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The zk-spring-boot Example

The example project is located on github/zkoss-demo/zk-spring-boot. To use it all you need is a command line interface (and optional: git).

This example is based on the Spring Boot - Getting Started Guide extending it by adding the required ZK dependencies and necessary configuration in order to start a ZK project with the Spring Boot platform.

Differences to a "normal" ZK Web Application

Configuration

As Spring Boot prefers Java- over XML-configuration and doesn't require a classical src/main/webapp-folder (and no WEB-INF/). Hence the ZK configuration files are moved to a different files/folders:

zk.xml was moved to a classpath location:

src/main/webapp/WEB-INF/zk.xml -> src/main/resources/metainfo/zk/zk.xml

web.xml configuration such as servlets/filters are configured the "Spring Boot Way" using java configuration

src/main/webapp/WEB-INF/web.xml -> src/main/java/zk/springboot/config/ZKCEConfig / ZKEEConfig

ZKCEConfig.java and ZKEEConfig.java can be changed to fit your requirements, e.g. disable websocket filter (when used with an older ZK version < 8.5) or richlet filter if not needed.

Adding them to the Spring Boot main Application class can be done using the annotations @ZKCEApplication or @ZKEEApplication.java:

@SpringBootApplication
@ZKEEApplication
public class Application  {
	public static void main(String[] args) {
		SpringApplication.run(Application.class, args);
	}
}

Also the DHtmLayoutServlet is obsolete in a jar deployment. It tried to locate zul files from the servlet context resources, which doesn't exist when deploying packaging a spring boot application as a jar file. That's why the configuration for this Servlet is commented out in this example. (In a war file it can be used as before.)

Mappings to Zul-Files as entry points for your application can be resolved with the ViewResolver, which will forward your views to ZK's dHtmlUpdateServlet internally.

see:

Application structure

In this example the zul files are located below the class web resource folder src/main/resources/web/zul/

You can configure any folder below src/main/resources/web in ZKCEConfig.java.

zul files can be referenced like this:

    <include src="~./zul/mvvm-page1.zul"/>
    <apply templateURI="~./zul/mvvm-page1.zul"/>

General resource folders are:

Spring Boot resources are referenced by urls starting with '/' ZK resources (including zul files) are prefixed with '~./'

e.g.

    <image src="/img/zklogo1.png"/>      <!-- src/main/resources/static/img/zklogo1.png -->
    <image src="~./img/zklogo1.png"/>    <!-- src/main/resources/web/img/zklogo3.png -->

Examples how to access resources from either resource folder ar:

Zats Testing

Since Zats is running its own embedded jetty, it can't use the same application startup mechanism as plain spring boot. In order to allow Zats tests, the Application configuration must be loaded from a separate web.xml (note it is in src/test/webapp so it doesn't affect the production deployment).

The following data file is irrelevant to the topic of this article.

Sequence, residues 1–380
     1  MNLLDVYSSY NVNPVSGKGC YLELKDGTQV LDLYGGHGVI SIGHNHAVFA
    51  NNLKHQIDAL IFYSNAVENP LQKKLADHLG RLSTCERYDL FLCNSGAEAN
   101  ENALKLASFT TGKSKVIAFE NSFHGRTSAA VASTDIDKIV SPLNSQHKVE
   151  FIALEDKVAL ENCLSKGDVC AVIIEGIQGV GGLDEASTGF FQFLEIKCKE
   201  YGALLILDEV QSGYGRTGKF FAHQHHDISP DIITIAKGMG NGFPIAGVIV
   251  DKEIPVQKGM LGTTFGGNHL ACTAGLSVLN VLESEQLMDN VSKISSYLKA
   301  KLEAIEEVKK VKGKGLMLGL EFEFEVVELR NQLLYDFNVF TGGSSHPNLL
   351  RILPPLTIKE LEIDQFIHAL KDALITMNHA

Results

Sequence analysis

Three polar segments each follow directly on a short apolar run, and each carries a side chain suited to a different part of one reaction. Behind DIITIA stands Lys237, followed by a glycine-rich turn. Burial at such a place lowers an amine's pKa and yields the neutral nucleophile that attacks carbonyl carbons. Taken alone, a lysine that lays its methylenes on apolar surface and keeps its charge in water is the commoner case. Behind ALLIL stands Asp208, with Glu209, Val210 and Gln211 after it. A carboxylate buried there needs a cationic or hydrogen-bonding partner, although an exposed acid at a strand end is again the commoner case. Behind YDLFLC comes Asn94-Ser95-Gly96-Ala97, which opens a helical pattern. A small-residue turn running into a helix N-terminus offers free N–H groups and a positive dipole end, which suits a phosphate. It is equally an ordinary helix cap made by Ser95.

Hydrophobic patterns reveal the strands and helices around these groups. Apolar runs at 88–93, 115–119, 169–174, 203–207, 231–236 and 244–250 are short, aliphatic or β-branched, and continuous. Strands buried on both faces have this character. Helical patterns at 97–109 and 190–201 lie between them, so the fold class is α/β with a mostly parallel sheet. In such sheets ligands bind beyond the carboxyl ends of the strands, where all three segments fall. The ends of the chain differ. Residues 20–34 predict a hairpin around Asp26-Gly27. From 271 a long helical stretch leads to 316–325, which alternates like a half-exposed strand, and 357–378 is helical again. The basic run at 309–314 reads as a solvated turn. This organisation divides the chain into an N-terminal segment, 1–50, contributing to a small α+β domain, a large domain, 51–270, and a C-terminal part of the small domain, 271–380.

(Feedback regarding a cleaner startup of a Spring Boot project in an alternative embedded container is welcome, to avoid extending/overriding Framework classes.)

As of now you can specify your test context configuration class (e.g. zk.springboot.Application) as a context parameter inside web.xml. The customized ContextLoaderListener (ZatsSpringBootContextLoaderListener.java) reads this parameter and initializes the application context accordingly.

The PageTest case refers to this web.xml to initialize the spring boot application inside Zats' embedded Jetty.

As usual, alternative test-configuration is possible if needed.

Download/Clone the example project

With the git command line installed all you need is to clone the example repository:

   git clone https://github.com/zkoss-demo/zk-spring-boot.git

Alternatively you can download the example as a zip-package.

Once cloned/unzipped open a command line in the project folder.

In order to get started immediately the project includes the gradle-wrapper and maven-wrapper.

During the first execution gradle/maven will download itself and all the required project dependencies automatically. This will initially take quite a few minutes while showing the overall progress. Subsequent executions will be faster as gradle/maven will cache downloaded resources. For additional information on gradle/maven please refer to their official documentation.

Useful build tasks

NOTE: Using the windows command line (cmd) you have to omit the "./" in front of the commands

build self executable jar

with gradle-wrapper

./gradlew clean build

with maven-wrapper

./mvnw clean package

Run the Project

for gradle:

java -jar build/libs/zk-spring-boot-0.1.0.jar

for maven

java -jar target/zk-spring-boot-0.1.0.jar

After a short startup time you'll see an output like this.

... Started ServerConnector@5536379e{HTTP/1.1,[http/1.1]}{0.0.0.0:8080}
... Jetty started on port(s) 8080 (http/1.1)
... Started Application in 4.328 seconds (JVM running for 4.987)

The test pages are now available under:

http://localhost:8080/mvvm.zul (small MVVM example showing subnavigation and spring service integration)

http://localhost:8080/resources.zul (examples of accessing static resources the "springboot way" vs the "zk way")

http://localhost:8080/richlet/test (sample richlet - zk in pure java)

Import the project into your IDE

The project itself designed to work from command line and independent of any IDE. Since it's both a gradle or maven project you can import it into your favorite IDE using the provided plugins.

TIP: The main class zk.springboot.Application can be executed directly in your IDE for development and debugging.




Copyright © Potix Corporation. This article is licensed under GNU Free Documentation License.